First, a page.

Cities for Women
Movements such as #MeToo, #TimesUp, and #BalanceTonPorc have called attention to the widespread problem of harassment, abuse, and violence against women in the workplace and in their daily lives. But women also face violence because cities fail to consider things like lighting, public transport, and infrastructure that enhance safety. Safety for women and girls is a fundamental human right.Like Us
Help Us Make Cities Accessible And Safe For Women And Girls
Women have been speaking out as never before, highlighting the social and physical factors that allow or even encourage gender-based violence. The physical environment of cities is especially dangerous for women and girls, and by 2030, more than 60% of the world’s population will reside in urban areas. Cities are magnets for impoverished vulnerable women and girls who move from the countryside, sometimes fleeing repressive social settings or the effects of climate change, always in search of education, jobs, and freedom.
But as resources dwindle, towns and cities, particularly those in the developing world, face daunting challenges in creating safe living environments, productive economies, and equitable social benefits for residents, including these new arrivals.
The fact of the matter is city planning and the creation of infrastructure sensitive to the needs of women and girls are essential to assuring safe spaces in which women and girls can live free of fear.
“No city can be smart and sustainable if half of its population is not safe and lives in fear of violence.”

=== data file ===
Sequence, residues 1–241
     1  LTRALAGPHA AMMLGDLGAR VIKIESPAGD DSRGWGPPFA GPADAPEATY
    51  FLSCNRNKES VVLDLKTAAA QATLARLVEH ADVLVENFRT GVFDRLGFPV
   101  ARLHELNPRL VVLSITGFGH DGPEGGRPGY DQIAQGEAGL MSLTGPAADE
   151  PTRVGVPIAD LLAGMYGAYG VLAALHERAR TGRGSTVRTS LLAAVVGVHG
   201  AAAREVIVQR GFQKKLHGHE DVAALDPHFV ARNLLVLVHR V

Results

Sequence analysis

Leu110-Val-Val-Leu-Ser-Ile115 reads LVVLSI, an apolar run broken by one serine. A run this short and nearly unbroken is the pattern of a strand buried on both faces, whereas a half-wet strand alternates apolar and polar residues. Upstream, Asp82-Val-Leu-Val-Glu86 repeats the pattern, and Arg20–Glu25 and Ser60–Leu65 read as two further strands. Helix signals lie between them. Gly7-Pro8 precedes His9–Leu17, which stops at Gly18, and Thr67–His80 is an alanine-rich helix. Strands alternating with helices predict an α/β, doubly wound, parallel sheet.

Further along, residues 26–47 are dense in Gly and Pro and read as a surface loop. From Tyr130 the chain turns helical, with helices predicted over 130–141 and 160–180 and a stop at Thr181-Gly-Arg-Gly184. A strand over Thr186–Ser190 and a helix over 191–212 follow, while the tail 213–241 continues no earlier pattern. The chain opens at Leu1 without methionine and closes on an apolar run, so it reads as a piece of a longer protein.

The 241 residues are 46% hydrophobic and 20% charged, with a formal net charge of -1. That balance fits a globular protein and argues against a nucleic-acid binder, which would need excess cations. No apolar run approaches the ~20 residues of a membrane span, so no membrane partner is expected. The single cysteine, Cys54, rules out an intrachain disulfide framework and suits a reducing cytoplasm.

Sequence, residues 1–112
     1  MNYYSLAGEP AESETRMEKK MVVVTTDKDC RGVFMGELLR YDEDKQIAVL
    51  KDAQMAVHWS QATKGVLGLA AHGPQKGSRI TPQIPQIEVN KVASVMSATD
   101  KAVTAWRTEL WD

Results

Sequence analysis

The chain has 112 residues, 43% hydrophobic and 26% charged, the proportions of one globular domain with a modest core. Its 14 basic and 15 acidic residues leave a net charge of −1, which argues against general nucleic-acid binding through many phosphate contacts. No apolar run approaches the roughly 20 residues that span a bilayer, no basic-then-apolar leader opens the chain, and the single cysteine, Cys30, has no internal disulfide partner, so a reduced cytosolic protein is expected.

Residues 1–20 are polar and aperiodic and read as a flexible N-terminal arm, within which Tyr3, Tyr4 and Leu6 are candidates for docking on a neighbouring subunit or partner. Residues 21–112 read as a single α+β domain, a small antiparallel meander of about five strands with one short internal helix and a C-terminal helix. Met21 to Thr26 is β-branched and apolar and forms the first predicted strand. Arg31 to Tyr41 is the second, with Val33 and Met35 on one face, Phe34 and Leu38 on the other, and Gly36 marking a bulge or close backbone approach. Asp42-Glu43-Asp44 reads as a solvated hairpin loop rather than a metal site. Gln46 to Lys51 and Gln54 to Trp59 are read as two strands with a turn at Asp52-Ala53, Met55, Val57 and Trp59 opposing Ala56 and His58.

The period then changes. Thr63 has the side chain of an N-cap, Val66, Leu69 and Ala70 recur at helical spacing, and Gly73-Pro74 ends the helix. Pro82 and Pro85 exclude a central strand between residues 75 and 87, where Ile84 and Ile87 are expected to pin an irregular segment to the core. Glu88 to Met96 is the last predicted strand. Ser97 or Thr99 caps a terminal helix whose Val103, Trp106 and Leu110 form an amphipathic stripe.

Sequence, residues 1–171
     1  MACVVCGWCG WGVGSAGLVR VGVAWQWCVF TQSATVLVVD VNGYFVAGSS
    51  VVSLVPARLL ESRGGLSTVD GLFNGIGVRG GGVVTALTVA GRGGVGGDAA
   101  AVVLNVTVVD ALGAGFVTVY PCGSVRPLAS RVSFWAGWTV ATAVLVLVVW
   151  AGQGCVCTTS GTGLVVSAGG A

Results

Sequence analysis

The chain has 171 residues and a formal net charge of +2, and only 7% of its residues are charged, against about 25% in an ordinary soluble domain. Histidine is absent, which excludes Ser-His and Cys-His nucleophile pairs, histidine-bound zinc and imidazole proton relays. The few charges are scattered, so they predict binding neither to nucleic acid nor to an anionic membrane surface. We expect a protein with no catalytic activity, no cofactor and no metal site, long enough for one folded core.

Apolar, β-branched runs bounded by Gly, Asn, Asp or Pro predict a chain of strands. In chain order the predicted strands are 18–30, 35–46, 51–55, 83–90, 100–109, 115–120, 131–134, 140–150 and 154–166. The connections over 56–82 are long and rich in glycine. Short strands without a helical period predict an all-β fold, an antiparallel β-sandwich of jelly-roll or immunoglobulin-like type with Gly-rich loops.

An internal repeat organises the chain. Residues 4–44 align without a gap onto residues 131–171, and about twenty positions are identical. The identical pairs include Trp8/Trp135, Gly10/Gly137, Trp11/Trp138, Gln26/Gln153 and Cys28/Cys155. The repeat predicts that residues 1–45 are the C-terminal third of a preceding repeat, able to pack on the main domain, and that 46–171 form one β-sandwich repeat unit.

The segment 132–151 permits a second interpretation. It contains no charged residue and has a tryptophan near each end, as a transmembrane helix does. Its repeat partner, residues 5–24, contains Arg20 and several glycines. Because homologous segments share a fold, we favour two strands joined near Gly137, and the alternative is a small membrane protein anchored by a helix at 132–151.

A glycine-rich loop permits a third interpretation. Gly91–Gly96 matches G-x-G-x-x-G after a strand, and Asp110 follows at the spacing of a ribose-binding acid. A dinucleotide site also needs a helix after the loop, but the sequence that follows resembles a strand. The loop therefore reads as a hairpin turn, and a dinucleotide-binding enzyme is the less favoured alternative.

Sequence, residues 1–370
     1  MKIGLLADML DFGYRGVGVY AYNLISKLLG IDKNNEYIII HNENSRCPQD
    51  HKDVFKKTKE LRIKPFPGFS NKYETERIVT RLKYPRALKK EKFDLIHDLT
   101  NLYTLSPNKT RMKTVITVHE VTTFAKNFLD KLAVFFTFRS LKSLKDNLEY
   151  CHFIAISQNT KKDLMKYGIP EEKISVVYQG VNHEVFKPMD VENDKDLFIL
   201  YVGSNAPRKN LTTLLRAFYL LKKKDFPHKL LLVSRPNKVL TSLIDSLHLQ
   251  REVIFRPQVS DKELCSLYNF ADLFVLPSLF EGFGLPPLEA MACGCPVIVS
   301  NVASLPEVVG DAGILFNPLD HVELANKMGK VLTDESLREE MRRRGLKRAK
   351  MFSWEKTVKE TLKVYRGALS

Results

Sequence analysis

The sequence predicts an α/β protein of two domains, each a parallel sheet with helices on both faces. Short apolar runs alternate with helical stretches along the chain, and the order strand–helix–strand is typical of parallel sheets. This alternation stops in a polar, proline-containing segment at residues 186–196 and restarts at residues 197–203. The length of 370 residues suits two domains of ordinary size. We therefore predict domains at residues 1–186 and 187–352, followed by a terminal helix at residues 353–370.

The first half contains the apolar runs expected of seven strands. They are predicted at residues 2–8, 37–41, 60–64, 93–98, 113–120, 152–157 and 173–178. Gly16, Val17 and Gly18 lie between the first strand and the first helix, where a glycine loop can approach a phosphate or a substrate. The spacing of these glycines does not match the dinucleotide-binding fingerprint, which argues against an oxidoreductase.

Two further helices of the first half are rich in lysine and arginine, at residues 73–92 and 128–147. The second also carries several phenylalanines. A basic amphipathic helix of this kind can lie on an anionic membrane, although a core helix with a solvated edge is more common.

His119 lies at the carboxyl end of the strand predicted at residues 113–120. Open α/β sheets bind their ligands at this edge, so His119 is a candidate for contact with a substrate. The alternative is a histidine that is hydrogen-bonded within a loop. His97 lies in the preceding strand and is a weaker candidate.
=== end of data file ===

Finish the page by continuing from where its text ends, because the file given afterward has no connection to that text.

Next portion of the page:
– Lakshmi Puri, Deputy Executive Director, UN Women
Sexual violence in public spaces is common. Dark, narrow streets are settings for rape, crowded and unpatrolled public transport encourages groping, communal toilets are unavoidable places of danger. Poor women with no options are at the mercy of bosses, landlords, wealthier neighbors. In every city in the world, every day, women of all ages fear sexual harassment, abuse, and violence in their own neighborhoods and on their way to school or work.
Safer cities are fundamental to assuring that every individual can move safely through her day without fear, and with unfettered access to social, economic, political, cultural, and educational opportunities.
In the coming months, WomenStrong International will share the firsthand experiences of women and girls living in cities and engaged with our programs in Ghana, Haiti, India, and Kenya. We’ll highlight best practices to reduce harassment and abuse, and we’ll share the expertise and views of some of those working to ensure that women can live free from all forms of violence. Reaching this goal – freedom from violence - is key to enabling women and girls to emerge from extreme urban poverty and achieve greater gender equality, a Sustainable Development Goal.
#TimesUp and #MeToo are more than hashtags for a movement of American women; they are also a message to non-profits, multilateral organizations, and public officials, that we must all do what it takes to create safer cities where women and girls can lead healthy, prosperous, and fulfilling lives, in dignity and peace.
Girls Leadership Forum
International Women’s Day
Share the Love
Opinion: Safe infrastructure means safer women — and it’s our job to say so
At this raw and anxious geopolitical moment, those of us in the development community can probably agree that violence against women and girls takes place all over the world and that something must be done to stop it.
The Women’s Eye Radio Podcast
WomenStrong International Founder Dr. Susan Blaustein Launches Safe Cities for Women Campaign
Tune in to Stacey’s brand new interview on The Women’s Eye Radio with Dr. Susan Blaustein, the founder and Executive Director of WomenStrong International, an organization dedicated to eradicating urban poverty in Ghana, India, Haiti, Kenya and the United States.
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